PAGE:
The Detroit vintage map give a unique insight into the history and evolution of Detroit city. This vintage map of Detroit with its antique style will allow you to travel in the past of Detroit in Michigan - USA. The Detroit vintage map is downloadable in PDF, printable and free.
Great Britain continued to trade with and defend her native allies in the vintage area of Detroit, and supplied local nations with weapons to harass American settlers and soldiers. In 1794, a Native American alliance, that had received some support and encouragement from the British, was decisively defeated by General Anthony Wayne at the Battle of Fallen Timbers. Wayne negotiated the Treaty of Greenville (1795) with many of these nations, in which tribes ceded the area of Fort Detroit to the United States as its shown in Detroit vintage map. Detroit passed to the United States under the Jay Treaty (1796). Great Britain agreed to evacuate forts held in the United States Northwest Territory. In 1805, a fire destroyed most of the settlement. A river warehouse and brick chimneys of the wooden homes were the sole remains of the structures. Detroit motto and seal (as on the flag) reflect this fire.
Detroit was incorporated as a vintage town by the legislature of the Northwest Territory at Chillicothe, Ohio, on January 18, 1802, effective February 1, 1802 as its mentioned in Detroit vintage map. Government was administered by a five-person board of trustees and there was no office of mayor. Following this, Ohio became a state and the eastern half of Michigan was attached to the Indiana Territory. Before the new territorial government officially began, a fire destroyed nearly all of Detroit on June 11, 1805. Because of the difficulty in traveling from Detroit to the capital of the territory in Vincennes over 400 miles (640 km) away, Michigan Territory was established effective June 30, 1805, as a separate territory with Detroit as the capital. The newly appointed governor, William Hull, and the territorial judges (Augustus B. Woodward, Frederick Bates, James Witherell, and John Griffin), constituting the territorial government, essentially established martial law over affairs of the city.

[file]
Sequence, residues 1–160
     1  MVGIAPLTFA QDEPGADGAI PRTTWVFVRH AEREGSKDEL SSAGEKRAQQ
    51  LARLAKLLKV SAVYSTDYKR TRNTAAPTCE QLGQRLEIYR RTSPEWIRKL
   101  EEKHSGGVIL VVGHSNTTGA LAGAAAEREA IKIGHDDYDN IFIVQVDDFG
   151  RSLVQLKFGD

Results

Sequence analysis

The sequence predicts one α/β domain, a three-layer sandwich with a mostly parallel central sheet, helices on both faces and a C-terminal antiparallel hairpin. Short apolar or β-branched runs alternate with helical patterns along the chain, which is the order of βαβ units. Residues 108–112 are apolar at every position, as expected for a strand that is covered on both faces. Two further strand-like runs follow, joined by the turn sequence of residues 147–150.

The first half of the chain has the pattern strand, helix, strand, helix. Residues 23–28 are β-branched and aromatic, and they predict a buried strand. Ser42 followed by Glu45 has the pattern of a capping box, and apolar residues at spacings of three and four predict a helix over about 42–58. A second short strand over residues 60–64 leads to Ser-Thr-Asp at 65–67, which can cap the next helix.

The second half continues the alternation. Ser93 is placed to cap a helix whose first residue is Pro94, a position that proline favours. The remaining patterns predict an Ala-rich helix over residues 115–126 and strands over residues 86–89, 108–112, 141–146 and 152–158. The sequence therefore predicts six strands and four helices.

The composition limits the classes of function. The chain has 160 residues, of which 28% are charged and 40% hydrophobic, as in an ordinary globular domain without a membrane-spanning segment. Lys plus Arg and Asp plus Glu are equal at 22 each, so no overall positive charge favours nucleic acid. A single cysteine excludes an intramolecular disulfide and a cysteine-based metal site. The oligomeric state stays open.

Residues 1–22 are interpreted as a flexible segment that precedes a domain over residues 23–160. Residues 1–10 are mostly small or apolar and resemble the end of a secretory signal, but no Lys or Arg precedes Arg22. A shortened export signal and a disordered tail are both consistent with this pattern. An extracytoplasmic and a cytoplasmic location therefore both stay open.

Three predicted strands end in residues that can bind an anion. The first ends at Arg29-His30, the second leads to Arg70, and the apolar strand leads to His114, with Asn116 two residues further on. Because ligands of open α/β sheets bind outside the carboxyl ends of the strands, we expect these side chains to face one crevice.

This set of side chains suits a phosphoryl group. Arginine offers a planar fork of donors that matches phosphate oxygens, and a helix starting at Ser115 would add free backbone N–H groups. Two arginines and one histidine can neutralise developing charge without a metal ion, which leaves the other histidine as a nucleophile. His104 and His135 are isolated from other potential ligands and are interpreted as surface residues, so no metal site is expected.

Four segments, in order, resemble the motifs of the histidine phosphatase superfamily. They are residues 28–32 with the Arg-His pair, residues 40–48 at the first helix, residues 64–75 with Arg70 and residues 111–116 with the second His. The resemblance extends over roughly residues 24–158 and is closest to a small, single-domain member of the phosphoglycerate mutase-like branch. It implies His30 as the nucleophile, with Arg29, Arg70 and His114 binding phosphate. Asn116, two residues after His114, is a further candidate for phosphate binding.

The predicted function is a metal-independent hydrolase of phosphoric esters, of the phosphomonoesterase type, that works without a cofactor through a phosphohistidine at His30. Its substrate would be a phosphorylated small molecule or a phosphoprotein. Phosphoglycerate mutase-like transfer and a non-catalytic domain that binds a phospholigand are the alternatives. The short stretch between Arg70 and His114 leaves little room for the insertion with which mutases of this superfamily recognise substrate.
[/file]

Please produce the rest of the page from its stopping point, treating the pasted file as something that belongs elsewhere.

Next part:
On September 13, 1806, the territorial government passed an act incorporating the new city of Detroit. The governor appointed Solomon Sibley as mayor. Shortly afterward, Sibley resigned and Elijah Brush was appointed in his stead. The mayor was appointed by the governor and, under the act of incorporation, was able to disapprove legislation passed by the popularly elected council without any recourse for overriding the mayor. This state of affairs continued through the War of 1812, during which Governor Hull surrendered Detroit to the British (see Detroit vintage map). Lewis Cass, who replaced Hull as territorial governor, on October 24, 1815, restored control of local affairs to the people of Detroit, with the election of a five-person board of trustees and enactment of a charter for the vintage city of Detroit.